Hydro rates may have trumped sex-ed concerns in Scarborough Rouge-River byelection, experts say
'That is one issue that can play and have legs across the province,' Ryerson professor says
Pocket-book issues may have trumped voters' other concerns in the Scarborough-Rouge River byelection Thursday night — pushing the Progressive Conservatives to victory, even though party leader Patrick Brown did an about-face on the divisive sex-ed file, experts say.
On Thursday, the Liberals lost their 18-year hold on the riding, losing the seat to PC candidate Raymond Cho by a decisive margin.
But the historic result may have surprised no one more than Brown himself, who acknowledged ahead of the byelection, that his changing position on the Liberal government's sex-ed curriculum could cost the party.
Brown promised in a letter last week to scrap the curriculum; a position he called a "mistake" on Monday.
- PC candidate Raymond Cho wins Scarborough-Rouge River byelection
- Patrick Brown says promise to scrap Liberal sex-ed curriculum was a 'mistake'
- Patrick Brown says PCs may lose Scarborough byelection after flip flop on sex-ed
But a Ryerson political science professor says just taking a stand on the contentious file may have been enough to solidify the party's win, notwithstanding the flip-flop.
Existence of letter 'vote-positive' for Brown
"The sheer existence of that letter was vote-positive for Mr. Brown," Myer Siemiatycki told CBC News Friday..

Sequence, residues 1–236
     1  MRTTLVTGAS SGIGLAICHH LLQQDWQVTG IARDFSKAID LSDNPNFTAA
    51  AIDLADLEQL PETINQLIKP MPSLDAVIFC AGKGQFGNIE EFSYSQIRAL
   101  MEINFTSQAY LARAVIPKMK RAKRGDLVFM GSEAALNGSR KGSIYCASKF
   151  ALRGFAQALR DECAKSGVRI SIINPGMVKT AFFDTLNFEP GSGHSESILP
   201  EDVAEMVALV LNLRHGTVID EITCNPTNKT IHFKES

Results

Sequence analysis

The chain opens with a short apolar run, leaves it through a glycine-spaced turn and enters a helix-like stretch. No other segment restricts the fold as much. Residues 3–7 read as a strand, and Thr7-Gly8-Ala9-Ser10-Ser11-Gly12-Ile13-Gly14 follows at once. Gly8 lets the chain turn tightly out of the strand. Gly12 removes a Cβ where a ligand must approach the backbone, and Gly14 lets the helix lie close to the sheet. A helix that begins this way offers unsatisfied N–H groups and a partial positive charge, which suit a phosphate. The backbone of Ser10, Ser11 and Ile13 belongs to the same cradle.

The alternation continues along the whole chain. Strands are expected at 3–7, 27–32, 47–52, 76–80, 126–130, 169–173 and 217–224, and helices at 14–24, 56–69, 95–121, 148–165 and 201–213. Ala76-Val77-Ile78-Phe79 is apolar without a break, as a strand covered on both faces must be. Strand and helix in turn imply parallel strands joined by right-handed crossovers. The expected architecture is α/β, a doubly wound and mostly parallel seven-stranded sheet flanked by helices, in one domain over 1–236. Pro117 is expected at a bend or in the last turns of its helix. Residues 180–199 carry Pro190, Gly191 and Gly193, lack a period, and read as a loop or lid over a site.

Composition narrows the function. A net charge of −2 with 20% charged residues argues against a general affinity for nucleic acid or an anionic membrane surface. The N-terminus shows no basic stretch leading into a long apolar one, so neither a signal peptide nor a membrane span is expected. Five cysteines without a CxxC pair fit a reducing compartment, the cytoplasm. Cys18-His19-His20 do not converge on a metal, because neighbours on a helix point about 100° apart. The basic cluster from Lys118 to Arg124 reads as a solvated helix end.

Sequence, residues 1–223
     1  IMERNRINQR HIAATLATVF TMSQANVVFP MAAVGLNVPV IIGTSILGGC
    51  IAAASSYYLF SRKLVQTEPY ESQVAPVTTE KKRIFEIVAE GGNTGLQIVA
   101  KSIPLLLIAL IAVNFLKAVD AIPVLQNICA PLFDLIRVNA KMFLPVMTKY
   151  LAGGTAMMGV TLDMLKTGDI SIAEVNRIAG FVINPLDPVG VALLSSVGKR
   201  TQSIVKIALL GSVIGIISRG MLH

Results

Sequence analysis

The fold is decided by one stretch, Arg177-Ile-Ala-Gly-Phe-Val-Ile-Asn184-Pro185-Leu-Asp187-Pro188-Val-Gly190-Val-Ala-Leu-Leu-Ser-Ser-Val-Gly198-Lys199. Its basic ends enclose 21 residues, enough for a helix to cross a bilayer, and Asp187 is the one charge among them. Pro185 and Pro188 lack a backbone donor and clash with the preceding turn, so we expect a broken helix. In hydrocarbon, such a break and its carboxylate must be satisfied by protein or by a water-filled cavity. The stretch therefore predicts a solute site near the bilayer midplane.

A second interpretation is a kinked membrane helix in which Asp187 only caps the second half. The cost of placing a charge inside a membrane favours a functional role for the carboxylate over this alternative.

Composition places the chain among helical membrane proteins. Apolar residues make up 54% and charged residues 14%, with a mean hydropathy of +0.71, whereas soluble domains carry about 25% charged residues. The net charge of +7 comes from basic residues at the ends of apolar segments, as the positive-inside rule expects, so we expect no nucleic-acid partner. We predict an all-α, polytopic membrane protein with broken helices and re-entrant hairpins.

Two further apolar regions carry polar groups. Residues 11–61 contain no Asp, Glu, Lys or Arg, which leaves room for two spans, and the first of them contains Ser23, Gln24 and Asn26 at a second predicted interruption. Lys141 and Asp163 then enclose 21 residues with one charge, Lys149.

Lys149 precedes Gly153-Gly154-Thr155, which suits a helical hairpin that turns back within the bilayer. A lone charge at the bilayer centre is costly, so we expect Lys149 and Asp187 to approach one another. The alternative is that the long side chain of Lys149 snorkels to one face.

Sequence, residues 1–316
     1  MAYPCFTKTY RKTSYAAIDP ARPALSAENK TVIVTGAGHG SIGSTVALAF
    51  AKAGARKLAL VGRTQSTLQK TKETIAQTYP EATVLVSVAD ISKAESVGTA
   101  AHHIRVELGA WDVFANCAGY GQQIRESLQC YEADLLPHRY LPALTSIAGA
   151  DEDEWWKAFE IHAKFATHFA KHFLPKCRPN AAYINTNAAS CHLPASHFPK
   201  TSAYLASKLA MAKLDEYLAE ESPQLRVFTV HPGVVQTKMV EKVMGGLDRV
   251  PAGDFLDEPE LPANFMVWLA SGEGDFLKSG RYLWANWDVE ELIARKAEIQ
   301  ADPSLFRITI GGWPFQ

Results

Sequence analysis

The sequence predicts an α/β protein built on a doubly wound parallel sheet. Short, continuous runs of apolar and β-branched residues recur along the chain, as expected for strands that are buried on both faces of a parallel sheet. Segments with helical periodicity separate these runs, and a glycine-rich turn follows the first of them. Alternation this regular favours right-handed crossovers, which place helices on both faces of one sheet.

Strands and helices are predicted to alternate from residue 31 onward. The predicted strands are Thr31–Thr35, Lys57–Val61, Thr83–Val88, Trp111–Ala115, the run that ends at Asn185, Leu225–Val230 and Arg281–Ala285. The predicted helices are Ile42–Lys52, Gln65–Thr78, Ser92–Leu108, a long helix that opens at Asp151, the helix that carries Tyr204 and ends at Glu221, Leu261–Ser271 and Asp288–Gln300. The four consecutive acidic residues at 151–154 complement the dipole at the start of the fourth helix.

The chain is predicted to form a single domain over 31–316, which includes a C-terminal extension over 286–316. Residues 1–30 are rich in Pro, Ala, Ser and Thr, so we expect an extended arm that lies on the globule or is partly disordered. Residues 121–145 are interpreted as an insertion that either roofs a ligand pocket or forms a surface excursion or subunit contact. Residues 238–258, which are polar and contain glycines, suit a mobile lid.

"That letter was distributed widely in that constituency… Even though there was a retraction, the people who got the message at the door may not have followed subsequent media coverage or they may or may not know about the retraction."
Ahead of Brown's reversal on Monday, Cho maintained the sex-ed issue was indeed one that people in his riding were passionate about.
"When I look at my riding, the huge majority of Muslim, Catholic, Hindu, Chinese," he said. "All these parents are quite concerned about this issue."
Discontent with hydro rates
But Nancy Jin, a local resident and editor of the Chinese-language newspaper Chinese News, suggests the sex-ed issue itself may have had little to do with Cho's success. Jin said the deciding factors instead came down to voters' growing dissatisfaction with the Liberals' position on bottom-line issues.
"I think his winning represents the community's discontent with many issues," including what she calls overspending and mismanagement taxpayers money.
"I think a lots of people changed their vote to the PCs," Jin said. "The consumers have to spend on hydro bills, the rate increase year over year and they are very unhappy with those issues."
It was an issue not lost on Ontario Premier Kathleen Wynne, who following the loss, issued a statement directly addressing the hydro concerns.
Siemiatycki says the low voter turnout in Thursday's byelection and others isn't enough to serve as an indicator that there's a "blue wave" the PCs can ride to a provincial election win in 2018.
But he does say the Liberals will have to pause and reflect on how pocket-book issues, and hydro rates in particular, will affect their chances.
"They will undoubtedly go to the issues of hydro rates, which have been rising significantly and have been generating public pushback," he said. "I think that is one issue that can play and have legs across the province as a whole."